John Craxton’s Sunlight, Joy and Colour On Show At Pallant House

John Craxton, Still Life with Sailors, 1980-1985

The artist John Craxton (1922-2009) was a contemporary and friend of Lucian Freud. The current exhibition, John Craxton: A Modern Odyssey, at Pallant House Gallery concentrates on his life and work.

The show is arranged chronologically portraying the artist’s life as an odyssey from his early life in pre-war Britain and culminating in his awakening in Greece.

John Craxton was born into a Bohemian, musical family in London. He lived in his imagination drawing on his fascination for the ancient and mythology, themes expressed in his art. As he struck out he produced a series of melancholic landscapes and was, to his annoyance, associated by many with the Neo-Romantic movement.

His early self portrait displays the introspective qualities and palette of much of his work from this earlier period.

John Craxton, Self Portrait, 1946-1947

The influences of his mentor Graham Sutherland and the inspiration of Picasso, who he met, began to permeate his paintings with an increasingly radiant palette.

Shortly after the end of the war, in 1946, Craxton’s odyssey finally arrived in Greece. He was accompanied by his rebellious friend and contemporary, the artist Lucian Freud. Once in Greece Craxton’s work began to be emblematic of his homosexuality the works filled with a new found freedom; a sense of joyous rebelliousness and liberation. The work is far less introspective. He painted portraits, life and the scenes around him. The paintings are inculcated with the influences of cubism and surrealism with bold outlines and vibrant colour. The resilience of the people and the animals in the landscape are often tinged with a breaking smile, perhaps reflecting Craxton’s state of mind.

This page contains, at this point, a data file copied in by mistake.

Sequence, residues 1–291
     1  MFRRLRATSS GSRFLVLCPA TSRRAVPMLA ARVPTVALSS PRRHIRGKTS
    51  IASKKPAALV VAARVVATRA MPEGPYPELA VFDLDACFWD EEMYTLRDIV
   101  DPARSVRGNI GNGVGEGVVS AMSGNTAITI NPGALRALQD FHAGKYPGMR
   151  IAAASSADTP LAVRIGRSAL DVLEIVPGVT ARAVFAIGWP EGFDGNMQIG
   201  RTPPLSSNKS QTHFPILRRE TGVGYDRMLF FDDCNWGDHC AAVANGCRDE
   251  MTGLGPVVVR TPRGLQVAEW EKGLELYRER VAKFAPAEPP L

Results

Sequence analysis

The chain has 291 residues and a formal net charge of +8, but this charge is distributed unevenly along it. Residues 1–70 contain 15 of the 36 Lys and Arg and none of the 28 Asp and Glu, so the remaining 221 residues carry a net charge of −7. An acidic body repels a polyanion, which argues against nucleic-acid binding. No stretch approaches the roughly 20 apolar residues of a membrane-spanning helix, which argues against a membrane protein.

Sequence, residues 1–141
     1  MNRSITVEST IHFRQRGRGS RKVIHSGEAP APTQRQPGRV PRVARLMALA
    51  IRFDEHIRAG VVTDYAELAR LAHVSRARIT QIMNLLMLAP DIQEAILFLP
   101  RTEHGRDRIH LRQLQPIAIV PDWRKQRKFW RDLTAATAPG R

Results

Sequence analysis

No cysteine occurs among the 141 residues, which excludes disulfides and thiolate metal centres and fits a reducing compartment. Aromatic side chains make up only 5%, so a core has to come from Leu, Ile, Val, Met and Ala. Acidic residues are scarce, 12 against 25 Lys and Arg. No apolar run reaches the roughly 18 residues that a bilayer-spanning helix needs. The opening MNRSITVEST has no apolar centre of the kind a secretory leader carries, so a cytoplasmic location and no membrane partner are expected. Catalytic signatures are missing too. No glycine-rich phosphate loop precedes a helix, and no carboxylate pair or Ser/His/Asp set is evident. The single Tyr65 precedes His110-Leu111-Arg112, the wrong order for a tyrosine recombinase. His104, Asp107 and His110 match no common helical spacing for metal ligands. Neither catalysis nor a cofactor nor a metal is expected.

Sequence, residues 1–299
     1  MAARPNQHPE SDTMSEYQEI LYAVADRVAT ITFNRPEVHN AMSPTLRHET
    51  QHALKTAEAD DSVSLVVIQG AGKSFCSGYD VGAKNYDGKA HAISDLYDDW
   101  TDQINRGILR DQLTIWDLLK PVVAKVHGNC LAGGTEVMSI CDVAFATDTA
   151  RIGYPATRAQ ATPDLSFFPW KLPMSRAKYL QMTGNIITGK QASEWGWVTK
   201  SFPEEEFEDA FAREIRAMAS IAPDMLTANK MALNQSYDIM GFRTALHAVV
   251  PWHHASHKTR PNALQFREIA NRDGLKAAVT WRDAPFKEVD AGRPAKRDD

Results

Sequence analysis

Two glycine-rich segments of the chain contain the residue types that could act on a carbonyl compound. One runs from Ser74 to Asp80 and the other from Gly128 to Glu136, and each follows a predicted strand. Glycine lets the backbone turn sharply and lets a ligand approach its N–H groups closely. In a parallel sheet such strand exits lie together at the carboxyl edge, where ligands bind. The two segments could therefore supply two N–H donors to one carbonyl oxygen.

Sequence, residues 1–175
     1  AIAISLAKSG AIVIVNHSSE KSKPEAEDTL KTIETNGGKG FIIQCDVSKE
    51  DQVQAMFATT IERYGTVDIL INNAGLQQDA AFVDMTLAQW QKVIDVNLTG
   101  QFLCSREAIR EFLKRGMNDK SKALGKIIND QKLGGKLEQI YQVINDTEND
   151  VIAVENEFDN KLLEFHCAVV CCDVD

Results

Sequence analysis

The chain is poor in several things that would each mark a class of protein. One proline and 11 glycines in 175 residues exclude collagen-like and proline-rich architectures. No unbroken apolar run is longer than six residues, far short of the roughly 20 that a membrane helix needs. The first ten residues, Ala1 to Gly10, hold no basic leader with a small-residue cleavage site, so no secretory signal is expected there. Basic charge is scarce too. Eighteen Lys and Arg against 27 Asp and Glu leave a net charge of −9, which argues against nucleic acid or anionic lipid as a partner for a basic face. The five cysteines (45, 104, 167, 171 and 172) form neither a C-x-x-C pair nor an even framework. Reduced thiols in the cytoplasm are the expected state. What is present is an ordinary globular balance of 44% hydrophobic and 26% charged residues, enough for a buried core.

Still Life with Three Sailors painted in the 1980s captures these qualities. It depicts three conscripted sailors seated at a table in a Cretan taverna on the harbourside. These later works draw on Greece’s layered creative history, myths, sculpture, Byzantine mosaics and Icons. The sailors are like mariners in a Greek myth far from home.

But it is the composition, palette and domesticity of the scene which delights. The wall notice behind them implores taverna dancers not to break the plates whilst being applauded with the words ‘No Breakage by Order’. There is a lightness and humour to Craxton’s signing of the cigarette packet and dating of the beer bottle.

It is in these later works that you find sunlight, joy and colour – the perfect antidote to our winter rain and grey weather.

John Craxton: A Modern Odyssey runs at Pallant House Gallery, Chichester until 21st April 2024.